Heavy plate glass doors, which hummed and slid back whenever a human form or a gust of subterranean breeze passed near, separated pairs of tracks.  There were few passengers present.  The trains ran infrequently, and there was little reason to tarry at the station.  But as Yarec and Ris traced their way cautiously, inconspicuously towards their outbound track, they were surrounded by voices.  Scratchy voices, of conductors probably long dead, echoed off the slick tile walls.  Their messages, announcing arrivals and departures hours or days ahead of time, overlapped to become an unintelligible morass.

On track nineArriving from Rand Track sixAt fourteen oh seven The train from Stardhaven will be delayed untilArriving from Track change, please take noticeNine forty-six

The pair were carrying only three light bags between them, with a few extra clothes, food, and other necessities.  They huddled on a damp bench, waiting for their train to arrive and trying to look as unobtrusive as possible.  Mrissa had been the one who first suggested leaving town.  At the time, they had been cooped up in a hotel room she had booked several days earlier, observing the chaos that had followed their sabotage mission.  Out-of-town festival-goers were looking on in horror as armed squads roamed the streets.  Some of the gangs had been deputized by the city-state itself, to augment the overtaxed police force.  However, a much larger number were working for the faction that had operated the factory.  They were out looking for revenge, prowling the neighborhoods most associated with Mrissa’s employers, harassing or assaulting anyone who they thought might have been complicit in the attack.

The factory itself was on fire.  The islet on which it stood had become a sinister beacon, blazing in yellow and red.  The hard rain kept the conflagration from spreading across the canals to other parts of the city, but the factory’s vats and barrels of organic compounds fed a bonfire that no storm could extinguish.  When night fell, the merry multicolored lights of the festival had been replaced with a single column of furious firelight.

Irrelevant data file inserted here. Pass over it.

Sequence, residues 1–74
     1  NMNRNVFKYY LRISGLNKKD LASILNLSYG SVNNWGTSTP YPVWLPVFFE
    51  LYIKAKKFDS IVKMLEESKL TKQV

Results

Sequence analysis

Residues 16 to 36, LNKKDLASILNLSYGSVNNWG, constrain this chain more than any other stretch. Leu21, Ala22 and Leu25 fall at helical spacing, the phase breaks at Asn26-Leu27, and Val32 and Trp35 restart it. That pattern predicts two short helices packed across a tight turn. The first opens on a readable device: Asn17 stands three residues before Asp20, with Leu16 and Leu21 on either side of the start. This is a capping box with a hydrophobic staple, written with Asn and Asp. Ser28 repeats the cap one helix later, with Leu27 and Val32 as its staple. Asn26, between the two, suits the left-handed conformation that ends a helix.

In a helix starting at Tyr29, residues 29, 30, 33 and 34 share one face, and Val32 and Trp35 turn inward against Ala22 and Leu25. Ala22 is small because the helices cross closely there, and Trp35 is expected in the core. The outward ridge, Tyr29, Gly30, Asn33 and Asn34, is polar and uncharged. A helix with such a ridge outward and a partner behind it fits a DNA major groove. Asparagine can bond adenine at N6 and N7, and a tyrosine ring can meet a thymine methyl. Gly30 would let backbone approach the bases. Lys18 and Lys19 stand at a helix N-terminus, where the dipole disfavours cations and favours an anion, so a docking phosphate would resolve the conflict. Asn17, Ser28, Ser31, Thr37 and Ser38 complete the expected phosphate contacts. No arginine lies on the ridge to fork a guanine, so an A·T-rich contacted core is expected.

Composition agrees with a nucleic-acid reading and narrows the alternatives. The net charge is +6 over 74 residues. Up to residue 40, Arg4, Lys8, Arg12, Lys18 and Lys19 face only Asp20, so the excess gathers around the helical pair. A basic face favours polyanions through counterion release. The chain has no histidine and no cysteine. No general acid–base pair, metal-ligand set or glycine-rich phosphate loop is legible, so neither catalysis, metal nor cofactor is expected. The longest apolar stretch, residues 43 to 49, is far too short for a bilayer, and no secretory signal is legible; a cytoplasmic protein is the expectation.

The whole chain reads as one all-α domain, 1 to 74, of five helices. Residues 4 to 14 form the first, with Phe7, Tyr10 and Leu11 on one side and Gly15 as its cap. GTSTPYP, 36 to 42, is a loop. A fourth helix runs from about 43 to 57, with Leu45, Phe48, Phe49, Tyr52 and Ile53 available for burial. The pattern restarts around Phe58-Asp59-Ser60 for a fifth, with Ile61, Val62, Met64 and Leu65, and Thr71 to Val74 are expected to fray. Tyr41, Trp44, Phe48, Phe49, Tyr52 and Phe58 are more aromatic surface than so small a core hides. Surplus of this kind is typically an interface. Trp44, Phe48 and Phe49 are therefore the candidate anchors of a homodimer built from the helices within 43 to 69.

Safe houses were probably not safe now.  The faction that had hired Mrissa and Yarec had put their own bullies out of the streets, to defend their territory.  However, their greatest strength was in the hinterlands, among the wildcat miners who scraped the dry earth for veins of transition metal.  They would probably be forced to withdraw from Sankirk itself, and the open warfare would move back into the countryside.  Mrissa had been watching news updates on a large computing lamina, spread out flat on a soft double bed that she and Yarec were not going to use.  It was difficult to gauge the severity of the unrest from those dim video snippets, and the torrents of rain outside the hotel blocked out any sounds of melee and gunfire.

Then there was an explosion, just a few blocks away.  It was not an especially large blast, but the sound and vibrations cut easily through the blanket of the storm.  It might have killed scores of people, or none at all, but it was positive proof their location was insecure.  They had to leave.  So the pair split up; Mrissa had to send a secure message to their employers, and Yarec was responsible for reconnaissance and assembling additional provisions.  Once these tasks were completed, they met up at the train station, to get transport out of the city.

The station, like many of Sankirk’s relics from brighter days, was located in the toniest part of the city.  It was no architectural marvel; even when it was new, it had been strictly functional, with no better decoration than cheap stenciled murals.  Above it, on the bank of the river, was a huge semicircular arena, open to the sky and the water.  Even today, wealthy residents could watch boat races or pyrotechnic displays from its aluminum benches.  Around the arena stood the waterfront mansions of the city’s magnates, intermixed with old concrete bungalows, whose antediluvian age alone made them valuable properties.  Sometimes rich families bought them and constructed whole walled compounds around them, caring for the simple structures like esthetic gems.

No such care and attention went into the maintenance of the the railway terminal, but the city leaders always kept it functioning as a symbol of Sankirk’s affluence.  It provided a metaphorical connection to an earlier epoch, as well as a physical link to the towns and villages in the surrounding desert.  The regular train service, carrying passengers and commercial goods, helped the city maintain its cultural and economic hegemony over the backcountry.  Through the nearest glass doors, Yarec and Mrissa watched laborers unloading a set of long, off-white freight cars, removing boxes and crates of all shapes and dimensions.